Seniors have more choices than ever when it comes to assisted living, from luxurious retirement communities to cozy “granny flats” with unlimited access to beloved grandchildren. But many seniors want to stay in their own homes as long as possible, and in-home is a great way to get help with daily tasks while still maintaining a sense of independence.
If you or a loved one prefers to live at home and doesn’t require round-the-clock care, it’s important to be aware of potential dangers and prepare accordingly. Here’s what you need to know to stay safe:
Tip 1: Keep emergency numbers handy
Emergency numbers that should be kept in large, easy-to-read print next to the phone include: 911, Poison Control (1-800-222-1222), a family member or friend designated as an emergency contact, and your primary doctor’s office. Medical alert systems are another option, providing one-touch access to emergency personnel through an intercom on a bracelet or necklace.
Tip 2: Remove falling hazards
Make sure all hallways, stairs, and primary pathways through the home are well lit and clear of clutter (shoes, stray electrical cords, etc.), and tape area rugs to the floor so they don’t shift. In the bathroom, install non-slip floor mats and safety bars in the showers, and if mobility is an issue, consider assistive devices such as tub chairs and raised toilet seats. Other mobility equipment such as walkers and power scooters can help as well.
Tip 3: Avoid bathroom/kitchen hazards
Even when not including the risk of falling, bathrooms and kitchens can be injury magnets. Be sure to set the thermostat on the water heater no higher than 120° F to prevent scalding and clearly mark “on” and “off” positions on appliances with bright colors. It’s also a good idea to use a kettle with an automatic shut-off, store sharp knives in a rack, make sure expiration dates on food are checked regularly, and store heavy items at waist level.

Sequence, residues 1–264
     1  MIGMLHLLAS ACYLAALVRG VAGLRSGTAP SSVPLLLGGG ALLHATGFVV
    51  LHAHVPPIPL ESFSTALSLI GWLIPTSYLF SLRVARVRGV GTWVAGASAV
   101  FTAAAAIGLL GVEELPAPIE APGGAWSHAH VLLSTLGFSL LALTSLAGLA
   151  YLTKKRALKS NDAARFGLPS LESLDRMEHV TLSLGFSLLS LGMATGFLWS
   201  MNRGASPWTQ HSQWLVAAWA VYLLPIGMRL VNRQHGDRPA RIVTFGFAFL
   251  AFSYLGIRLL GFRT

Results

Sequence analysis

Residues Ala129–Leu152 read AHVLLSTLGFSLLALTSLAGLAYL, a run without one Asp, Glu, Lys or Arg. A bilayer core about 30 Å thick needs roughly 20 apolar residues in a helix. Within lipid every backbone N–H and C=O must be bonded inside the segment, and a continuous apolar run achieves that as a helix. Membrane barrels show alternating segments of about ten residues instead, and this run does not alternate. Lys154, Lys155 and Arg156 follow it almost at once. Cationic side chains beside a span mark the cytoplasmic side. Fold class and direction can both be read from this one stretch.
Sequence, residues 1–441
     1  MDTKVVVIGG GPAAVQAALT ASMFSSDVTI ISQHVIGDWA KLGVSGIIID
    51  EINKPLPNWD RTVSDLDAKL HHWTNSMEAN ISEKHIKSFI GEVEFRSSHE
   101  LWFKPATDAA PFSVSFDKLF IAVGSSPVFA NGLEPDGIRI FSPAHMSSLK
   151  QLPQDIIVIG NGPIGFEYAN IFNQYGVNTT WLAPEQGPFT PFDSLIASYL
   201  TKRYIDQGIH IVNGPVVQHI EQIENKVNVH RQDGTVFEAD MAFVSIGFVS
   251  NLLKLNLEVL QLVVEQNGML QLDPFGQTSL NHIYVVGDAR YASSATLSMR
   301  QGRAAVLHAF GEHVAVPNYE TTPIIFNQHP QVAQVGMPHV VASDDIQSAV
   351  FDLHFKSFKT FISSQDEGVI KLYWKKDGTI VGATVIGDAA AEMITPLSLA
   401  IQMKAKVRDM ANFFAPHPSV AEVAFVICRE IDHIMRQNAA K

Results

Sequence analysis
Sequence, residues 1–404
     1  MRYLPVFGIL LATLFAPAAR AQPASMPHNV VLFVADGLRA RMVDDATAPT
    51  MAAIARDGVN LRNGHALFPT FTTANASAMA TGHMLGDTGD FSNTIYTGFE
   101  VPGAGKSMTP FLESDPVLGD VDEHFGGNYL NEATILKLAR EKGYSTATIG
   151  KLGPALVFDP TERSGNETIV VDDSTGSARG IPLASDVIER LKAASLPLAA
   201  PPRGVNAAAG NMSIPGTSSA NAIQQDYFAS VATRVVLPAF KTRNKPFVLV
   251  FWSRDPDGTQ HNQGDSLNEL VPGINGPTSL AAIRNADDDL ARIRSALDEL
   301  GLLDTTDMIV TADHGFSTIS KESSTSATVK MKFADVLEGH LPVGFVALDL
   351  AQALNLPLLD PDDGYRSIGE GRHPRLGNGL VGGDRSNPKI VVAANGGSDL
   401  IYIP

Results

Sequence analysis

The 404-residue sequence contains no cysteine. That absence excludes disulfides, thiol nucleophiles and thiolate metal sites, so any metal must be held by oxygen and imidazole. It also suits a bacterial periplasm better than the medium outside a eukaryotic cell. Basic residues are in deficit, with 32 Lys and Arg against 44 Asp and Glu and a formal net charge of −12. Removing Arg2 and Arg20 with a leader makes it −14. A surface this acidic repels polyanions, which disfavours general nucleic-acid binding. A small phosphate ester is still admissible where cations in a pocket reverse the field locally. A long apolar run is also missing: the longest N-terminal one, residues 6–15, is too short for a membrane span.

Tip 4: Protect against fire
Smoke alarms are crucial to saving lives, so test alarms regularly and replace batteries every six months. If you use space heaters, make sure they are at least 3 feet away from curtains, bedding, or anything that could burn, and turn them off when you leave the room. Also, replace appliances with frayed or damaged cords and don’t wear loose clothing or long sleeves when cooking. In the event of a fire, know ahead of time at least two ways to escape your home.
Tip 5: Prevent poisoning
No matter how cozy our homes may seem, they are filled with poison hazards:
- Carbon monoxide: Install detectors near all bedrooms (and replace batteries twice a year), and never attempt to heat your home with your stove, oven or grill because they emanate the deadly gas that cannot be seen or smelled.
- Medications: Keep all medications in their original containers, ask for large-print labels if needed, dispose of any old or unused medicines, and review your medications frequently with your doctor or pharmacist.
- Cleaning products: Always store cleaning products far from food and make sure they’re labeled clearly. Also, never mix bleach, ammonia, or other cleaning liquids, which can create a deadly gas.
Tip 6: Organize check-ins
Whether on a daily or weekly basis, ask a friend, family member or neighbor to call or stop by regularly to ensure everything is okay. You can also install a lock box on your front door, which will allow trusted visitors and emergency personnel to access your home if you’re unable to reach the door.
Tip 7: Protect against abuse
Financial danger is just as important as physical danger, and in this Information Age, it’s easier than ever for scammers to take advantage of seniors living alone. That’s why you should never give out personal or financial information over the phone or Internet unless you are the one to initiate contact (with reputable companies such as your bank or pharmacy). Offline, always ask for written information about deals or prizes offered by telephone salespeople, and discuss with a friend or family member before agreeing to anything. Don’t let anyone pressure you into making purchases or donations or signing contracts, and don’t afraid to be rude and hang up on someone who seems suspicious.
Let us help you stay safe and independent
At PA Healthcare, it’s our mission to provide people in San Diego with the medical equipment needed for mobility assistance. We have wheelchairs, walkers, power scooters, rollators, patient lifts, and hospital beds, and most of our products are available to rent as well as purchase. We’ll even deliver your equipment anywhere in San Diego. Have more questions about our products or services? Give us a call today.